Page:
Academic study endeavours to calm carbon-bubble concern. “Investors in U.S. oil and gas companies have not ignored the science when considering whether the potential carbon asset stock prices constitute a bubble—a concern raised in recent media reports, a new University of California, Davis, study suggests.”
“The study found, instead, that investors’ rational expectations for future cash flows are based on all possible scenarios, not just particular negative ones that crop up in the media.
Researchers found that there was a limited negative impact on stock prices of fossil-fuel companies in response to the original science disclosures. These disclosures found that only a fraction of the world’s oil, gas, and coal reserves could be emitted if global warming by 2050 is not to exceed 2 degrees Celsius above pre-industrial levels. Subsequent media stories have suggested that the value of burnable carbon reserves held by big oil and gas companies could diminish rapidly as alternative energy resources replace fossil fuels.
The study, “Science and the Stock Market: Investors’ Recognition of Unburnable Carbon,” provides market evidence refuting the prediction that there is a carbon bubble about to burst. Two of the study’s co-authors are Paul A. Griffin, a professor of management, and Amy Myers Jaffe, executive director of energy and sustainability, both of the UC Davis Graduate School of Management. Jaffe holds a joint appointment with the UC Davis Institute of Transportation Studies.
“It’s essential that the media interpret accurately the meaning of results from science, but that does not seem to have happened with media reports about unburnable carbon,” said Griffin, an international authority in accounting and corporate disclosure. “Our study tries to set the record straight.”
…..Jaffe, a global expert on energy policy, geopolitical risk, and energy and sustainability, added: “This important energy policy issue needs a full debate and additional analysis, so that pension funds do not simply dump their oil and gas company investments for the wrong reasons.”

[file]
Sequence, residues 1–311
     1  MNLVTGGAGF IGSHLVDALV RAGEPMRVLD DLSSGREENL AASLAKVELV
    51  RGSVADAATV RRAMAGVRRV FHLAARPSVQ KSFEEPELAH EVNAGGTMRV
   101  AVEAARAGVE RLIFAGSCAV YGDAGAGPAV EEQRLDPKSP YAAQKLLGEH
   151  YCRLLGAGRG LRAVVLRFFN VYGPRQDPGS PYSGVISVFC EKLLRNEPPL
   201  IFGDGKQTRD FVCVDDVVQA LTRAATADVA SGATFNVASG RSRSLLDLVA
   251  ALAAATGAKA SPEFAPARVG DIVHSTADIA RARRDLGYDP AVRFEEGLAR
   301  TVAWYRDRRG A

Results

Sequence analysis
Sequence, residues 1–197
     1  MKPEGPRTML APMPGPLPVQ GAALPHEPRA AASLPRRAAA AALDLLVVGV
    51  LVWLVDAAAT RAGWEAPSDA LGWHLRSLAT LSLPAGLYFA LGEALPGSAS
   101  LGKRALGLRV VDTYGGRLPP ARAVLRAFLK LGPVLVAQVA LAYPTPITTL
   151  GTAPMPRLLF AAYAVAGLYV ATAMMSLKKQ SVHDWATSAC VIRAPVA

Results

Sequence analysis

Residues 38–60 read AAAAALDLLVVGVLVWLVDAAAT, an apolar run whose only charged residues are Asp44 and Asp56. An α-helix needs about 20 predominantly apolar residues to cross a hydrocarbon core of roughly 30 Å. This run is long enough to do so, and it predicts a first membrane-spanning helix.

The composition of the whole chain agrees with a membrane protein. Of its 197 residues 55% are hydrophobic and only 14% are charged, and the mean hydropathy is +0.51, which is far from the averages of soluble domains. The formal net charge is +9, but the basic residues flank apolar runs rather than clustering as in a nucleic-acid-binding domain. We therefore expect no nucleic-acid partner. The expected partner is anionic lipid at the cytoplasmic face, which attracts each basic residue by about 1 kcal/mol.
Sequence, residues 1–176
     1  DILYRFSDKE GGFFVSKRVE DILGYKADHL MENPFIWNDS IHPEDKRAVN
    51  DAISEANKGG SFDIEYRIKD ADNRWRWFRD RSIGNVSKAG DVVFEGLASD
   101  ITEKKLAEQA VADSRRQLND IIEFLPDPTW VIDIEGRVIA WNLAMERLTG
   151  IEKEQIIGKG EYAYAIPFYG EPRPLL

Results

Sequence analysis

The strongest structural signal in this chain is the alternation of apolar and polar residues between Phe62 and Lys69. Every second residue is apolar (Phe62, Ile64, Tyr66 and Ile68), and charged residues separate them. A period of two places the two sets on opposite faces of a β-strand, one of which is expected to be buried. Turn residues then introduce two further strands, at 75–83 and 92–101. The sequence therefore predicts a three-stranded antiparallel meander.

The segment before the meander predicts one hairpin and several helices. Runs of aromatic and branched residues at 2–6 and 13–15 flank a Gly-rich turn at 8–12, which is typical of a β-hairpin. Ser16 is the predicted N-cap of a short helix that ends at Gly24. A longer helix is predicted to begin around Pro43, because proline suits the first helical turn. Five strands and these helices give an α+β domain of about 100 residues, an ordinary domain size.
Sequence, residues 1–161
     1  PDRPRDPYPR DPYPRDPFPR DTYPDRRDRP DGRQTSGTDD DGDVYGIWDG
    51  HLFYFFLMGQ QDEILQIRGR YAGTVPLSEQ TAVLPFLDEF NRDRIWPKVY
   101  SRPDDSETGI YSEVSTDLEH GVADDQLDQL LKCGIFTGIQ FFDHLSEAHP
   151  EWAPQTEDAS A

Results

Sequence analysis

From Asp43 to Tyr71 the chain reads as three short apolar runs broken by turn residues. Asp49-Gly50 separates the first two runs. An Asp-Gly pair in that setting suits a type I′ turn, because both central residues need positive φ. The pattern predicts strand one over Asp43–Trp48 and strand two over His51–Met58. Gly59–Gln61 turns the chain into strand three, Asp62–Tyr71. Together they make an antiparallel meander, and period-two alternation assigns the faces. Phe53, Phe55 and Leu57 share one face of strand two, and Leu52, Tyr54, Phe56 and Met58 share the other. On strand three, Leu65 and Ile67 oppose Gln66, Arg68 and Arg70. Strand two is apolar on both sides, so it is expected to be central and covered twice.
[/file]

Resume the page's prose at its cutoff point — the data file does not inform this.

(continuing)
Jaffe is attending special energy sessions at the annual meeting of the World Economic Forum, Jan. 22 to 25 in Davos-Klosters, Switzerland. On Jan. 24, Jaffe and John Negroponte, former U.S. ambassador to the United Nations and former U.S. ambassador to Iraq, will speak at an additional energy event on “Unconventional Oil and Gas: Reshaping the Geopolitical Map.”
For the study, researchers analyzed how U.S. oil and gas company stock prices reacted to media coverage about the potential consequences of unburnable carbon for fossil-fuel companies.
The study examined the stocks of the 63 largest U.S. oil and gas companies that trade on the major U.S. exchanges. Most of them disclosed significant oil and gas reserves in their financial statements. As a result, there was a higher likelihood that these companies’ stock prices might be affected by investors’ perceptions about the consequences of unburnable carbon.
The researchers studied 88 stories from 59 print media outlets, most in 2012 and 2013, and an initial story in 2009 published in the scientific journal Nature. Each story was considered a separate event that could potentially affect stock prices, with researchers measuring the average effect.
U.S. oil and gas stock prices dropped about 2 percent after the original 2009 Nature story (a total value of $27 billion). The ensuing widespread coverage had little impact on the U.S. oil and gas companies’ stock prices, which dipped by a half percent collectively.
JL comment: The huge mistaken premises of these authors are that just a few press reports can shift a mountain of a status-quo, and that history is destiny. The run up to the financial crisis shows us how these things work. The incumbency narrative (then, that MBS and derivatives thereof are a new route to wealth) proved resistant to many warnings. Then, after the first failures of mortgage companies as a result of mass defaults on sub-prime loans, concern took root. It grew slowly, reached a tipping point, then erupted like a contagion.